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Fear and Parenting  

Since I am starting a series on fear in relationship this month, I thought I would write briefly about fear and parenting as well. Much of what applies to general relationships will apply to parenting, but there are also some specific parenting fears.

I want to address the fact that many parents experience a lot of fear about what might happen and can happen to their children. We certainly live in a society where we are overfed tragedy. The nightly news is mostly bad, the victims helpless, and the world seems to be a scary place. Granted, there is real danger, but it seems to be exaggerated. For instance, it seems that child abduction is relatively common and that its incidence is increasing. In fact, pretty much the opposite is true. Child abduction is rare, incredibly rare if you are talking about abduction by strangers. And crime statistics suggest that the incidence of missing children is going down slightly. Wouldn’t know that by the news.

A big part of fear and worry for parents comes from them feeling responsible for keeping their children safe. That is a good thing, but the reality is too much protection is bad for children. Children need enough freedom to explore new experiences and exploration is going to lead to some accidents and some hurt, both physical and emotional.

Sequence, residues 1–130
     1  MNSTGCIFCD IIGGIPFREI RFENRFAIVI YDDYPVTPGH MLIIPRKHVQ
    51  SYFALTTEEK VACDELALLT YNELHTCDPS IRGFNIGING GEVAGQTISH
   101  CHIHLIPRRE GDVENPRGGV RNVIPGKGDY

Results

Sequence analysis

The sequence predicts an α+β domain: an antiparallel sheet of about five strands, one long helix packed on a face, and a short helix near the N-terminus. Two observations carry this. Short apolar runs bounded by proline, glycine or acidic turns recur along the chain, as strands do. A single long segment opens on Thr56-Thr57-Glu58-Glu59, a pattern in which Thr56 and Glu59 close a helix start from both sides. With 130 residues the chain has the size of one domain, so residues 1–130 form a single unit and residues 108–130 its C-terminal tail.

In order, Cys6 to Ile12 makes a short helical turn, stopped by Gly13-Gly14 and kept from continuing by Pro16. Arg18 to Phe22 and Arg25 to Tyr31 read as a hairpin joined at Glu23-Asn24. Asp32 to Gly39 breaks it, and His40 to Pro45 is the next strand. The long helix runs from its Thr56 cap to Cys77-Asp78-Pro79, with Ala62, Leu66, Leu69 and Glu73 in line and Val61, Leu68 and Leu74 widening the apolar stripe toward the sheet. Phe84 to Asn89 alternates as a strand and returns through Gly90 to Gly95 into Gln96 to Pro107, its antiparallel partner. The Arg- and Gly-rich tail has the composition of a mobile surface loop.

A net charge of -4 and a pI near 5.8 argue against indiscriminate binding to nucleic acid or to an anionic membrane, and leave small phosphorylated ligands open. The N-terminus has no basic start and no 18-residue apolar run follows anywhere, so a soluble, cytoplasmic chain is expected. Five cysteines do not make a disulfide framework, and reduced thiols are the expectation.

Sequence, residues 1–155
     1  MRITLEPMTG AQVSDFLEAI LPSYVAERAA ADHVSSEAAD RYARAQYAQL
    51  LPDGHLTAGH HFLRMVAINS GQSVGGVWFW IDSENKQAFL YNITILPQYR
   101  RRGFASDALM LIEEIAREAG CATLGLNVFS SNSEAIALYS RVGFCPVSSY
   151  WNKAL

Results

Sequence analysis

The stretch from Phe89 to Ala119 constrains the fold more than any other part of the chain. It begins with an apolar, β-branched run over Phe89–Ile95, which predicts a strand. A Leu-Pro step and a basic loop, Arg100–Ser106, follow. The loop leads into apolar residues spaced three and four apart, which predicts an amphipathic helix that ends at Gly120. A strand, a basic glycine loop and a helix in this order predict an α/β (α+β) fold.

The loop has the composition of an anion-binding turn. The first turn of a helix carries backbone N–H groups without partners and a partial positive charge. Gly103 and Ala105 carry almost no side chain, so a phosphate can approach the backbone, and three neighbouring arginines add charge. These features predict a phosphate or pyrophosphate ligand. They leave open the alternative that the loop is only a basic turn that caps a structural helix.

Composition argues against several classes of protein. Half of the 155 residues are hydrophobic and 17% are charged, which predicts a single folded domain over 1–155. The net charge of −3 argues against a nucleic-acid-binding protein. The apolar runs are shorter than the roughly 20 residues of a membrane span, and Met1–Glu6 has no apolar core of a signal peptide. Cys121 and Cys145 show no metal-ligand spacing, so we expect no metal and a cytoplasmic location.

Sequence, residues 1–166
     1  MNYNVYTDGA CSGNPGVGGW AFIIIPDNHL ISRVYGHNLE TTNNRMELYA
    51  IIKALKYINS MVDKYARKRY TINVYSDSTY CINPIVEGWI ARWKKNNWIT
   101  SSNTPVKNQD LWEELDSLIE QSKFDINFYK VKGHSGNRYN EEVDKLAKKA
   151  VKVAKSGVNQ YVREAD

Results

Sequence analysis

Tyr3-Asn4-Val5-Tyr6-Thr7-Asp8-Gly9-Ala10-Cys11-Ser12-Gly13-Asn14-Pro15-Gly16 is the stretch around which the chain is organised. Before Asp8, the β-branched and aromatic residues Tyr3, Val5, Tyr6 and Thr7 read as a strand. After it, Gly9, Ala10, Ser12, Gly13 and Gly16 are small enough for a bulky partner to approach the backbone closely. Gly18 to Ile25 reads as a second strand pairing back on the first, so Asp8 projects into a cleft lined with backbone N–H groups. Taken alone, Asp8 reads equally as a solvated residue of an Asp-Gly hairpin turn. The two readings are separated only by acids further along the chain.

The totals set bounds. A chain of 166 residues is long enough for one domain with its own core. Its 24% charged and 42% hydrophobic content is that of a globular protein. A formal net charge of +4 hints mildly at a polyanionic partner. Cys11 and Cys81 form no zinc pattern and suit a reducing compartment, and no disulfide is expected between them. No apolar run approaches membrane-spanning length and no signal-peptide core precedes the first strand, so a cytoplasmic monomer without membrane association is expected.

Many thoughts about controlling that aren’t very realistic. I recall the parent I once worked with who was wracked with guilt because their child had fallen out of a tree in the back yard and broken their arm while the parent was across the street at a neighbors. They said, “I should have been home so my child wasn’t hurt.” I tried to gently point out that unless they forbid tree climbing (a bad idea) and enforced it, or followed their child around with a big cushion, they likely still would have broken their arm. And that was OK. A broken arm is unpleasant, but not a horrible thing.

I’m not encouraging you to be ridiculous and ignore your children’s risky behaviors. But be realistic and focus more on enhancing your connection to your children and less on keeping them safe.